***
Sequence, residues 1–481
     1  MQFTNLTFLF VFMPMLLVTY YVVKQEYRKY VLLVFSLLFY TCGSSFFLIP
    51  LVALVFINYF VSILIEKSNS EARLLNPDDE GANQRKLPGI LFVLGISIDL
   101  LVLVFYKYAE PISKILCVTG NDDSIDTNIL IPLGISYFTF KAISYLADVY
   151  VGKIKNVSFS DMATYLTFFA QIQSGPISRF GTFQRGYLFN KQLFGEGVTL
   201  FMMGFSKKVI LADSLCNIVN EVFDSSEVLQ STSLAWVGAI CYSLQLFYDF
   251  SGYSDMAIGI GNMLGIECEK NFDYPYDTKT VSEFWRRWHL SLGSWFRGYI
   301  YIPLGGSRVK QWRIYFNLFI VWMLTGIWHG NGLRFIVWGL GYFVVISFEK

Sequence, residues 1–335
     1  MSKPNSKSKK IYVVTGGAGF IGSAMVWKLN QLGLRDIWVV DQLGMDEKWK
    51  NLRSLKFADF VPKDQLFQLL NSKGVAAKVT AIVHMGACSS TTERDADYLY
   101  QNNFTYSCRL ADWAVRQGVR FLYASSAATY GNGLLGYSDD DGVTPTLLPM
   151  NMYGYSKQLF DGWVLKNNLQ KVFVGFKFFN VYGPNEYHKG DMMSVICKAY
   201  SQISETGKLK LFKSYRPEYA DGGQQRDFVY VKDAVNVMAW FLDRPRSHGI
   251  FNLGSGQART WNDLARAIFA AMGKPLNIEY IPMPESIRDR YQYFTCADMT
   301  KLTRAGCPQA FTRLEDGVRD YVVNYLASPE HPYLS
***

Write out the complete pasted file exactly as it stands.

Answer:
Sequence, residues 1–481
     1  MQFTNLTFLF VFMPMLLVTY YVVKQEYRKY VLLVFSLLFY TCGSSFFLIP
    51  LVALVFINYF VSILIEKSNS EARLLNPDDE GANQRKLPGI LFVLGISIDL
   101  LVLVFYKYAE PISKILCVTG NDDSIDTNIL IPLGISYFTF KAISYLADVY
   151  VGKIKNVSFS DMATYLTFFA QIQSGPISRF GTFQRGYLFN KQLFGEGVTL
   201  FMMGFSKKVI LADSLCNIVN EVFDSSEVLQ STSLAWVGAI CYSLQLFYDF
   251  SGYSDMAIGI GNMLGIECEK NFDYPYDTKT VSEFWRRWHL SLGSWFRGYI
   301  YIPLGGSRVK QWRIYFNLFI VWMLTGIWHG NGLRFIVWGL GYFVVISFEK

Sequence, residues 1–335
     1  MSKPNSKSKK IYVVTGGAGF IGSAMVWKLN QLGLRDIWVV DQLGMDEKWK
    51  NLRSLKFADF VPKDQLFQLL NSKGVAAKVT AIVHMGACSS TTERDADYLY
   101  QNNFTYSCRL ADWAVRQGVR FLYASSAATY GNGLLGYSDD DGVTPTLLPM
   151  NMYGYSKQLF DGWVLKNNLQ KVFVGFKFFN VYGPNEYHKG DMMSVICKAY
   201  SQISETGKLK LFKSYRPEYA DGGQQRDFVY VKDAVNVMAW FLDRPRSHGI
   251  FNLGSGQART WNDLARAIFA AMGKPLNIEY IPMPESIRDR YQYFTCADMT
   301  KLTRAGCPQA FTRLEDGVRD YVVNYLASPE HPYLS